Long before (19th century) the TV series, Penny dreadfuls were cheap serial stories popular in the UK. The stories were published in weekly parts, each costing one penny.
The tales were short, sensational, and dreadful focusing on the exploits of detectives, criminals, or supernatural entities. Penny dreadfuls were printed on cheap wood pulp paper and were aimed at young working class British men.
This is my penny’s worth Penny Dreadful supernatural story. It’s about 500 words.
It happened on a three-day trip to British Columbia. Hal was on top of the world having just sold a two million dollar commercial building. The trip was a prize– salesman of the year.
He and Penelope stayed at The Empress Hotel– a magnificent estate with a grand view of Inner Harbour.
The room was exquisite, the view dazzling. That night, dinner was seared halibut and rainbow chard with scallop and shrimp dumplings. Penelope was in high spirits, and the conversation was unusually brisk and cordial.
Despite the gaiety and full belly, sleep evaded Hal. Not even a bourbon neat brought slumber, so he went for a stroll along the harbour. Returning to the hotel, he saw something hopping with impossible agility on the steeply-pitched roof, ducking madly behind the towers, weaving around the spires. With the city lights, it was bright as day and Hal saw the thing’s face. Good God, it was a peculiar pointy-man.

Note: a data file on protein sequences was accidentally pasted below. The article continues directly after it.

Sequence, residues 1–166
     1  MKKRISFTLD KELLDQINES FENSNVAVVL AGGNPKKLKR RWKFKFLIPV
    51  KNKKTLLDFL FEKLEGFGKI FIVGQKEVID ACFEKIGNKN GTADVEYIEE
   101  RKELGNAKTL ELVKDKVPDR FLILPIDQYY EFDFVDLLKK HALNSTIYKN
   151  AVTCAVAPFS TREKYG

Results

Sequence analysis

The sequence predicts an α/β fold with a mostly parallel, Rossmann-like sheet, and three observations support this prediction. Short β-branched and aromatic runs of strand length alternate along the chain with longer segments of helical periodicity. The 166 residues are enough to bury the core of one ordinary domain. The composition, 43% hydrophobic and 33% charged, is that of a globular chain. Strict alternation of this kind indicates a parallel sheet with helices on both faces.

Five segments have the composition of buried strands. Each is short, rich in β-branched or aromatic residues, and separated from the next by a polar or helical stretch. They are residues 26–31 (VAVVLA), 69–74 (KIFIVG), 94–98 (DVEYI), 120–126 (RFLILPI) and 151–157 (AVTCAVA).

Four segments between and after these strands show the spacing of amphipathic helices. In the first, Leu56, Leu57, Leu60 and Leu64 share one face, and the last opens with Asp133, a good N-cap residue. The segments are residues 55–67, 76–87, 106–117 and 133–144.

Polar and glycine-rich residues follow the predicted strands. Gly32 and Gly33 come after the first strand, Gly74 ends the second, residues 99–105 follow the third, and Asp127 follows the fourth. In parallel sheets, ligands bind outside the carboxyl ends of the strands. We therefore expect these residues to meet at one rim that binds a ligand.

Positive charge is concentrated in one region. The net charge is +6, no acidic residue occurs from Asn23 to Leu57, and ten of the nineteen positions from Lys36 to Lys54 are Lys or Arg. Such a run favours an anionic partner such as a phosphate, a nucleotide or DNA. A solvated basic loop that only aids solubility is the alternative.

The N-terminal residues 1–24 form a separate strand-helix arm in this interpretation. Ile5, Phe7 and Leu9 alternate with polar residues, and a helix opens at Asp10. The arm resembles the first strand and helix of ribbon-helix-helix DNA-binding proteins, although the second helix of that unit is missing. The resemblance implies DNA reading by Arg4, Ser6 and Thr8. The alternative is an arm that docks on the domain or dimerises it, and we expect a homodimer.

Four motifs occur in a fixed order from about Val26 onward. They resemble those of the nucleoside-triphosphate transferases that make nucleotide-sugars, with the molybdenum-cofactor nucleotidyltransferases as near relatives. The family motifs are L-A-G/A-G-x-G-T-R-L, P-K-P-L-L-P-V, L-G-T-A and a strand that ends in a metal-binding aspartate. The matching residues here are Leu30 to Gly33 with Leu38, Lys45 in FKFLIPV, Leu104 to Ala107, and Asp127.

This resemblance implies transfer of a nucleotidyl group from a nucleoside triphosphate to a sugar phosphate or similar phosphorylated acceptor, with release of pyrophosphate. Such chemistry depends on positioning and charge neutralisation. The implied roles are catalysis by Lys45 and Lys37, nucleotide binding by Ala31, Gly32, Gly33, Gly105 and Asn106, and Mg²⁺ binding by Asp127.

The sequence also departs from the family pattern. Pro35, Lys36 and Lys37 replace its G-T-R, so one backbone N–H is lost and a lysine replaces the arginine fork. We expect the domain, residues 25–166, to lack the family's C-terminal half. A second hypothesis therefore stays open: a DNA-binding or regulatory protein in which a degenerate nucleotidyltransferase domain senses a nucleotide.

Clearly unhinged, he rushed into the hotel and gave a detailed description to the girl at the front desk. “He’s oddly agile with thick arms, long pointy features, and Spock ears. What? Yes Star Trek, damn it.”
Hal insisted the police be summoned, and he repeated his story. “Yes, you heard correctly. On the bloody roof.”
At some point, they’d buzzed Penelope and together all assured him a man on the roof was not possible. By then, he was unnerved enough to believe them.
The next morning, Penelope was in the shower when the pointy-man peeked in their window. Hal hurried to take photos with his mobile; something he’d forgotten the night before, but it was too late. Still, he was sure of what he’d seen and rushed through the lobby in his pajamas, out the front door, barefoot across the lawn, clicking his mobile manically at the vacant roof.
When he returned, the hotel manager wanted to chat. By the time Penelope dressed, the bellman was hauling their bags to a waiting taxi. Hal was relieved, Penelope less so but surprisingly pleasant.
They went to the Rialto where Hal was asked to leave due to intoxication. It was true but purely medicinal: the pointy-man had followed them.
The last day of their trip was holed up at the Beaconsfield Inn. Hal pouted and refused to leave their room. Penelope doted in ways not previously known.
When she left to retrieve lunch, he fell into a deep sleep that was soon interrupted by an odor of warm, regurgitated fish. His eyes sprung open to stare straight up the hairy, wind-tunnel nostrils of the pointy-man. Filament fingers curled around Hal’s throat. Pulsating panic was the only thing keeping his heart beating.
Then there, behind the man crept Penelope, dagger overhead. Thank heavens. Saved, and at last, vindicated!
The pointy-man turned, releasing his grip. Hal sprung into action. As he leaped, Penelope swept her dagger across Hal’s belly, freeing intestines and their sewage.
“My, my,” the pointy-man said. “Darling Penny, how dreadful.”